## Abstract

Many studies have indicated that mathematics anxiety, and other negative attitudes and emotions toward mathematics, are pervasive and are associated with lower mathematical performance. Some previous research has suggested that working memory is related to both mathematics anxiety and mathematics. Moreover, both gender and chosen course of study (sciences vs. humanities) appeared likely to influence students’ attitudes to mathematics. In the present study, 40 university undergraduates completed a battery of assessments investigating working memory, attitude to mathematics, test anxiety. and mental and written arithmetic. Attitudes to mathematics were significantly associated with the other variables: working memory, test anxiety, and both measures of mathematical performance. The other variables were not strongly associated with one another. There were no gender differences in mathematical performance, but females exhibited more negative attitudes to mathematics and higher test anxiety than males. After controlling for test anxiety, there ceased to be significant gender differences in attitudes to mathematics. Science students had more positive attitudes to mathematics than humanities students, but the groups did not differ in test anxiety, Science students were better at written but not mental arithmetic. They were also better at working memory, but this was not a significant covariate when the groups were compared on mathematical performance and attitudes to mathematics The results are discussed, with particular focus on implications for future research on influences on mathematics anxiety.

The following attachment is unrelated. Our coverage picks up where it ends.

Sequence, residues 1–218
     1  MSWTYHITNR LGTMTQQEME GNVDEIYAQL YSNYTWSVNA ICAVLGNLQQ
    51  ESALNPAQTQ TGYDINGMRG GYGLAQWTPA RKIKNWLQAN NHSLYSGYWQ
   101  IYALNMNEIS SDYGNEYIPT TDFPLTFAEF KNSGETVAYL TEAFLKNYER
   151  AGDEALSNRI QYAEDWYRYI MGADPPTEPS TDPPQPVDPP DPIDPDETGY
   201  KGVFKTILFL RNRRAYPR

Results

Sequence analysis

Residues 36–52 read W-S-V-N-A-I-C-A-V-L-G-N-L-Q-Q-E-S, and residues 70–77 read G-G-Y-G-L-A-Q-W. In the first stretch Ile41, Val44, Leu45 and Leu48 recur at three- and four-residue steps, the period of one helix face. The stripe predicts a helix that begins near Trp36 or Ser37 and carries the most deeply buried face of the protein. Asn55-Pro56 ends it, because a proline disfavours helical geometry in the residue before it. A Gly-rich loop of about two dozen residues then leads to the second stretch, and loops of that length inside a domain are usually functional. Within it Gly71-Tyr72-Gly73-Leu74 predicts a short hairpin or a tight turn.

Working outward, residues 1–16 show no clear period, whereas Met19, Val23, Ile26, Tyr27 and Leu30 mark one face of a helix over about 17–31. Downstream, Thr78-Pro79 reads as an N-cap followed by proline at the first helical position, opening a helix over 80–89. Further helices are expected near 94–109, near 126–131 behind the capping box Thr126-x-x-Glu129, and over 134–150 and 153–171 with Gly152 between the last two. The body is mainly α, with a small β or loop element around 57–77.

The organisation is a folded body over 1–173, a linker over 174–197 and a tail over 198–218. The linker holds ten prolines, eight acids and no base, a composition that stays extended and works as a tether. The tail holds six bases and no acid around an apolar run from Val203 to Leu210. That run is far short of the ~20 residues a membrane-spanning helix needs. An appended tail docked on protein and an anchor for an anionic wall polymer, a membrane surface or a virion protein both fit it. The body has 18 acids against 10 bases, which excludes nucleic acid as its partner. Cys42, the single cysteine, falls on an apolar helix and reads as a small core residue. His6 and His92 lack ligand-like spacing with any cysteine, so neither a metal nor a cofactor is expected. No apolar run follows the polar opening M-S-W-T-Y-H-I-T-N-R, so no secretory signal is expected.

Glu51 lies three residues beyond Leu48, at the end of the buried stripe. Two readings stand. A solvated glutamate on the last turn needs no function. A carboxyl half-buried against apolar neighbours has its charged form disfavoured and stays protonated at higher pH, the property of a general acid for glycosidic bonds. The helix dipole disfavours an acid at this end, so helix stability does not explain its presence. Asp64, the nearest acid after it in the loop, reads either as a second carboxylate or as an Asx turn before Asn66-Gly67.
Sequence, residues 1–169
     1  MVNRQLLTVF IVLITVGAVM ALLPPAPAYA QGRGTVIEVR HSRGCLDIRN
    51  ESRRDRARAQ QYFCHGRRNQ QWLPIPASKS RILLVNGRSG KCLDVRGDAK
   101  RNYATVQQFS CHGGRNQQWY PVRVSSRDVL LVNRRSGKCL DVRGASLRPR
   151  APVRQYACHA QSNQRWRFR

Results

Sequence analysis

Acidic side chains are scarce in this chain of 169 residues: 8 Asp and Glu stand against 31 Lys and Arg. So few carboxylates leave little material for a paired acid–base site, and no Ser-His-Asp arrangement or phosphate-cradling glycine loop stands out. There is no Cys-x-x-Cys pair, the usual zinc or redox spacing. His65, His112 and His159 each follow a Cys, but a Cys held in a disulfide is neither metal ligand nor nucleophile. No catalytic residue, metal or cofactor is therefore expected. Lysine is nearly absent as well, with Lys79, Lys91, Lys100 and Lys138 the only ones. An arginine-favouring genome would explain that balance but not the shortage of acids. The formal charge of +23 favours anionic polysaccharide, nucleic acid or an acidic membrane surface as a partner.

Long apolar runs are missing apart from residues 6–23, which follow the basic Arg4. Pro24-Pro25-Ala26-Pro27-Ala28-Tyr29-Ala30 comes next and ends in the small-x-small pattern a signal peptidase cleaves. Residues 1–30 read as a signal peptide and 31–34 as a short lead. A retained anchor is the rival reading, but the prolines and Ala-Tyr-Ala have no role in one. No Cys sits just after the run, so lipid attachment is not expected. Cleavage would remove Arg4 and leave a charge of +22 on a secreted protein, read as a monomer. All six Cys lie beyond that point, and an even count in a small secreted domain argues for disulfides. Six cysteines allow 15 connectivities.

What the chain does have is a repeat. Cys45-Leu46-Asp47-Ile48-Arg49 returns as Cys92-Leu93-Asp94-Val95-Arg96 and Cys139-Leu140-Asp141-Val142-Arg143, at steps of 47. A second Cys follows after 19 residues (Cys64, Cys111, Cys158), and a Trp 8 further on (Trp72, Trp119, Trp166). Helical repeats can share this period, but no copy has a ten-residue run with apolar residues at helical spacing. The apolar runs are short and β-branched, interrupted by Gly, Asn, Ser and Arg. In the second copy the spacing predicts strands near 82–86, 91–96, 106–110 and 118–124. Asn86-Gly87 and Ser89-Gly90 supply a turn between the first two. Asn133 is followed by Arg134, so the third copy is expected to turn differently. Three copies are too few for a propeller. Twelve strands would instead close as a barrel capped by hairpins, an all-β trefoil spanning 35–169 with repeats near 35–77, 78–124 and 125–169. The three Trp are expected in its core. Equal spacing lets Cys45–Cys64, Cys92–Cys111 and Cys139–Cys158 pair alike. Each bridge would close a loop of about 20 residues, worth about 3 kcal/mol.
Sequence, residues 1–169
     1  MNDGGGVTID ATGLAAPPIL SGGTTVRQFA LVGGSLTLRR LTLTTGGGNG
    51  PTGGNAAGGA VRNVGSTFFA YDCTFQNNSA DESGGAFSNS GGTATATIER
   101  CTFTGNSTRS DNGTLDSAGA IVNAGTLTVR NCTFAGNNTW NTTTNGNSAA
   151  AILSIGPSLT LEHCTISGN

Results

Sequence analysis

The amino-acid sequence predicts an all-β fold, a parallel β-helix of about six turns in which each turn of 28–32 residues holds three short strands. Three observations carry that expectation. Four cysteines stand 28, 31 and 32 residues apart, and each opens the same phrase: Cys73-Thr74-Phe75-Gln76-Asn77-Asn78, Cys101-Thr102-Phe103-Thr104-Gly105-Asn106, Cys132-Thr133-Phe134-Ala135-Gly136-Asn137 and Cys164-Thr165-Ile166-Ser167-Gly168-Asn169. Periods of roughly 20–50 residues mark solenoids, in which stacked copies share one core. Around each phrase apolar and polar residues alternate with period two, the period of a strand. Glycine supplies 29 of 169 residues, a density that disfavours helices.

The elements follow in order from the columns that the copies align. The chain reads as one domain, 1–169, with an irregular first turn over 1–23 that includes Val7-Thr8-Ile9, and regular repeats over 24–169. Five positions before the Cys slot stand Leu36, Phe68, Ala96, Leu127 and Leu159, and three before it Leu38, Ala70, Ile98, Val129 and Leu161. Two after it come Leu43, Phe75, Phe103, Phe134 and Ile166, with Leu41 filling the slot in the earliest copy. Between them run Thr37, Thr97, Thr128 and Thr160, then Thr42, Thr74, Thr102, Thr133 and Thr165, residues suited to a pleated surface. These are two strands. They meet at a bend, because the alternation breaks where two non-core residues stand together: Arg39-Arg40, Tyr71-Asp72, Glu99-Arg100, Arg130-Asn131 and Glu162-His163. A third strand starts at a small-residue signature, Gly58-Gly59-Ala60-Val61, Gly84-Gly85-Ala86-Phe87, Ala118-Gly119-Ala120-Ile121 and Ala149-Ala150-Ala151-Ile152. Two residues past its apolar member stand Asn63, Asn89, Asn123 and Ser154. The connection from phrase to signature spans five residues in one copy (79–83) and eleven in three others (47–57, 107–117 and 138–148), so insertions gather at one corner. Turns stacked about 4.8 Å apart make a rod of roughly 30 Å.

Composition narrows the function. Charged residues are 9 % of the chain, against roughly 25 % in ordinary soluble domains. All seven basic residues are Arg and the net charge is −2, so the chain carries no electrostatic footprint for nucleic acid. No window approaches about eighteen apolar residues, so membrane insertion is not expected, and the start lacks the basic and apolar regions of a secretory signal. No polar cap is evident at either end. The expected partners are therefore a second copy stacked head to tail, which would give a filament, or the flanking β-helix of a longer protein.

## Highlights

Numerous studies indicate that attitudes to mathematics are often highly negative, ranging from boredom to severe fear and anxiety

All these variables were correlated, no direct link was found between mathematics anxiety and either quantity processing, spatial processing or working memory; nor were the relationships between the latter abilities and mathematics performance indirectly affected by working memory

We tentatively propose that science students may have higher working memory than humanities students, because their area of study may require more short-term mental mathematical and logical calculations, as compared with analyses of long-term information

## Summary